For carbon dioxide capture and geologic storage to be deployed commercially and in a widespread manner will require well thought out approaches for transporting the CO2 in a pipeline system from the capture facility to the injection site. Establishing a widespread CO2 transportation infrastructure will require strategic long-term planning, taking into account the potential magnitude of future deployment scenarios for CCS, up to a scale of infrastructure that could be comparable to the scale of oil & gas infrastructure. This paper outlines the results of a study, commissioned by the CO2 Capture Project (CCP) and completed by Environmental Resources Management (ERM) that evaluated the benefits and risks of two approaches to developing CO2 pipeline systems. The two basic approaches are described in the paper as:. 1. On a point-to-point basis, which matches a specific source to a specific storage location; or. 2. Via the development of pipeline networks, including backbone pipeline systems, which allow for common carriage of CO2 from multiple sources to multiple sinks. An integrated approach to pipeline infrastructure approach offers the lowest average cost on a per ton basis for operators over the life of the projects if sufficient capacity utilization is achieved relatively early in the life of the pipeline. Integrated pipelines also reduce the barriers to entry and are more likely to lead to faster development and deployment of CCS. Without incentives to encourage the development of optimized networks project developers are likely to build point to point pipelines because they offer lower costs for the first movers and do not have the same capacity utilization risk. © 2009 Chevron Corporation.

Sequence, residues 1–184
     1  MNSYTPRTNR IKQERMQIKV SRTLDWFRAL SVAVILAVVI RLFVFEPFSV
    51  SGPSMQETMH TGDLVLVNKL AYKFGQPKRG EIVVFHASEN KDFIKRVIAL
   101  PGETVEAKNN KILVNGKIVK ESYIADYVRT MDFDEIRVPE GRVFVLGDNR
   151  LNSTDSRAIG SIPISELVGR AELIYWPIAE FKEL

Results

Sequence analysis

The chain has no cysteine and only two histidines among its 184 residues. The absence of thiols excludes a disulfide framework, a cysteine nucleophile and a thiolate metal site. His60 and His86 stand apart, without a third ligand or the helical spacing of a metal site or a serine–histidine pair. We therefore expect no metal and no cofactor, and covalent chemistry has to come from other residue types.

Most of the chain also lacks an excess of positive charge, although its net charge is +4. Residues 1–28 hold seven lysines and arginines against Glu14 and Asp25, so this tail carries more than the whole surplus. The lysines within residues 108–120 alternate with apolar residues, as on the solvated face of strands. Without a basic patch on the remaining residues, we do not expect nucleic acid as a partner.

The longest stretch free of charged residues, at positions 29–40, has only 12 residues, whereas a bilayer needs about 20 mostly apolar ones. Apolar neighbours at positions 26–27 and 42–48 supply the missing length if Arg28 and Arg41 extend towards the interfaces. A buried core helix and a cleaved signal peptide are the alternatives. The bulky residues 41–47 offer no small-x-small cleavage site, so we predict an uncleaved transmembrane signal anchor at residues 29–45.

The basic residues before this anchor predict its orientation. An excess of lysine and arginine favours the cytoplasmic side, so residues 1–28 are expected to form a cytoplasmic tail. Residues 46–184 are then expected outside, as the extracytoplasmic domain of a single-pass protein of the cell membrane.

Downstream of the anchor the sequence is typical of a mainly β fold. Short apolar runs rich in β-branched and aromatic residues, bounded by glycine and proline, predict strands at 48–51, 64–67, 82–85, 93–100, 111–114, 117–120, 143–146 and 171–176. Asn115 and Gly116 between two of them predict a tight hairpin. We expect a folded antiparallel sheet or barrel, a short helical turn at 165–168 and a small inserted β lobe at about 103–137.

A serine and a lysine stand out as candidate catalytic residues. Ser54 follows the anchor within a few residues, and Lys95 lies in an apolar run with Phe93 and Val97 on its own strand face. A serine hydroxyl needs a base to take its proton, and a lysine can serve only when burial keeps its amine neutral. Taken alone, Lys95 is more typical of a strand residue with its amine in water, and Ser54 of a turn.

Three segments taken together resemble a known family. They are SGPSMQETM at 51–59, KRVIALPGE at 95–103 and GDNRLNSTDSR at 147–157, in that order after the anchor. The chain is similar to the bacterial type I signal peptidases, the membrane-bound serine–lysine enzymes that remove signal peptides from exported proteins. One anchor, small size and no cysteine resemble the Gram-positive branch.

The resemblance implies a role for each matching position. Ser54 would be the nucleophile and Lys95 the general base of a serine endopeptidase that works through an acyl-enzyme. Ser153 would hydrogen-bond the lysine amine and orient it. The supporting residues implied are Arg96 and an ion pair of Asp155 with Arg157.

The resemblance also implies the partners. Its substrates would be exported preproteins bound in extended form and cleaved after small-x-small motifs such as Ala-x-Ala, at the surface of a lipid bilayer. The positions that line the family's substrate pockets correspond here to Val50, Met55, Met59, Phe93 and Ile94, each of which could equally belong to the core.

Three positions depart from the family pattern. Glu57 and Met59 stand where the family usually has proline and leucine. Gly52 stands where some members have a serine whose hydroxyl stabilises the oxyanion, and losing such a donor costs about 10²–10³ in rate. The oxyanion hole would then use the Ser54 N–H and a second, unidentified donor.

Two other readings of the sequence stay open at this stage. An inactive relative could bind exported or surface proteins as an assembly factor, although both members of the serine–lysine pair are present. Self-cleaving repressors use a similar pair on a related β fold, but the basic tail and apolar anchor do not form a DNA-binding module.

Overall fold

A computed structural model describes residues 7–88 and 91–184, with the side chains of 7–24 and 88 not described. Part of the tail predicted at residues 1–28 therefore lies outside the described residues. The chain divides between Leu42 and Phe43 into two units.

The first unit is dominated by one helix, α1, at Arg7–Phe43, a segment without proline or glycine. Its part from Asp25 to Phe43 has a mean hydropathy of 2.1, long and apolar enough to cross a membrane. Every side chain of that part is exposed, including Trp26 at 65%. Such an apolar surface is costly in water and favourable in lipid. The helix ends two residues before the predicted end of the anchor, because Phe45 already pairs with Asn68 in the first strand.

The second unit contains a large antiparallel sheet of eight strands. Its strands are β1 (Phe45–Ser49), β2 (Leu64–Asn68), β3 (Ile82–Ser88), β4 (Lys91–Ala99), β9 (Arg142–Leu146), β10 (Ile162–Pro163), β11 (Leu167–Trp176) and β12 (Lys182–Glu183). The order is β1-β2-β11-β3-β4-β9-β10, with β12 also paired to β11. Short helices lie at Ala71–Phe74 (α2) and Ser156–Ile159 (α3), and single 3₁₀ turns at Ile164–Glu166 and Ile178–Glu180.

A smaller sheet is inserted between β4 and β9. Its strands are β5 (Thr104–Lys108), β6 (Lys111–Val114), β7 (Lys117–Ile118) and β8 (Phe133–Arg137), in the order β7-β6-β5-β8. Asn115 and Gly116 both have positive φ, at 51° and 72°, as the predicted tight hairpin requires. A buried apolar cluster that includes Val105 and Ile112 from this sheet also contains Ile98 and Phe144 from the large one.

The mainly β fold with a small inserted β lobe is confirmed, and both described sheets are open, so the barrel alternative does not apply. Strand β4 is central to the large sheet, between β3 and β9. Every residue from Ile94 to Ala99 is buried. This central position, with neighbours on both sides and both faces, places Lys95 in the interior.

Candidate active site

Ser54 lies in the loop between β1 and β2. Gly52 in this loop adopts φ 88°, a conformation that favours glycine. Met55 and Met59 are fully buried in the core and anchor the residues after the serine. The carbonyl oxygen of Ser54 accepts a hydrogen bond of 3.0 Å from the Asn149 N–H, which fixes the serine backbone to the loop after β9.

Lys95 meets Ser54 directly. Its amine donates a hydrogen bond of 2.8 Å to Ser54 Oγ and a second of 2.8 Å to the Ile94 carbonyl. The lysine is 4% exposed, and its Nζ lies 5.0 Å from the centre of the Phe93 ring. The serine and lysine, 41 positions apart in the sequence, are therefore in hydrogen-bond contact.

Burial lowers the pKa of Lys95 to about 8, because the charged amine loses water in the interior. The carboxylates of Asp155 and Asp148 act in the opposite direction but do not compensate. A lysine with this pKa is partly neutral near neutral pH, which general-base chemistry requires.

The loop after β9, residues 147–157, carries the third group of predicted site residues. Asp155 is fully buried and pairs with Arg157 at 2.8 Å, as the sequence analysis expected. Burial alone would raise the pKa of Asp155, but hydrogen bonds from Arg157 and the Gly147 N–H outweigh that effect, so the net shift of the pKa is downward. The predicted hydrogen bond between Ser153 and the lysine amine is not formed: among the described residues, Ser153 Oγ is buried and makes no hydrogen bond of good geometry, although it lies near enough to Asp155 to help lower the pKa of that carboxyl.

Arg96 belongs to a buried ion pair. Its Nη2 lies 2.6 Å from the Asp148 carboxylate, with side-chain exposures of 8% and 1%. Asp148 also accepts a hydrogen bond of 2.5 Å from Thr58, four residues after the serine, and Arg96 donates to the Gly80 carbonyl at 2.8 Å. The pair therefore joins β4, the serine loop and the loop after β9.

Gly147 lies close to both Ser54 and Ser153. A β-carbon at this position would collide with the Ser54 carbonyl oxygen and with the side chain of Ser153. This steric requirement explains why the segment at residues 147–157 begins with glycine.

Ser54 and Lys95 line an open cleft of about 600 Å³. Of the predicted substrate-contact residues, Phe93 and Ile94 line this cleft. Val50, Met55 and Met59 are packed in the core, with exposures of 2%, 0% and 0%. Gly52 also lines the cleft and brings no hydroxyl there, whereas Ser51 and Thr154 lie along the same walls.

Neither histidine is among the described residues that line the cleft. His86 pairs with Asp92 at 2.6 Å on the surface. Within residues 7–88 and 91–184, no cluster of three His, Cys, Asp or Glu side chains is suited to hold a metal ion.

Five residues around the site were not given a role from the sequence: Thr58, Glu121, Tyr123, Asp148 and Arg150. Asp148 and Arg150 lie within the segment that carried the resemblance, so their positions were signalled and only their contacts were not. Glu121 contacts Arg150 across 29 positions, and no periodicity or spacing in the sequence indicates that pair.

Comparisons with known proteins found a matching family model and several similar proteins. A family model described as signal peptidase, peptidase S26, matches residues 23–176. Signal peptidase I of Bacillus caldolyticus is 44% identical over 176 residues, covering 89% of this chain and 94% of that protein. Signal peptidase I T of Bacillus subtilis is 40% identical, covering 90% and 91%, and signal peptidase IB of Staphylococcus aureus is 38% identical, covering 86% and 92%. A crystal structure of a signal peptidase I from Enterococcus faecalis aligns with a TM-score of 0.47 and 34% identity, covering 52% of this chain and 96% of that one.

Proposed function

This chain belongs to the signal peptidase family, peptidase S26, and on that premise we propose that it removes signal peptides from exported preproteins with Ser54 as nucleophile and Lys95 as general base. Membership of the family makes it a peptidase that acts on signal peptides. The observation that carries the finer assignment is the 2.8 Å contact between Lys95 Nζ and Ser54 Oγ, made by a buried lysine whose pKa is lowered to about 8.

Chrysostomidis, I., Zakkour, P., Bohm, M., Beynon, E., de Filippo, R., & Lee, A. (2009). Assessing issues of financing a CO2 transportation pipeline infrastructure. In Energy Procedia (Vol. 1, pp. 1625–1632). https://doi.org/10.1016/j.egypro.2009.01.213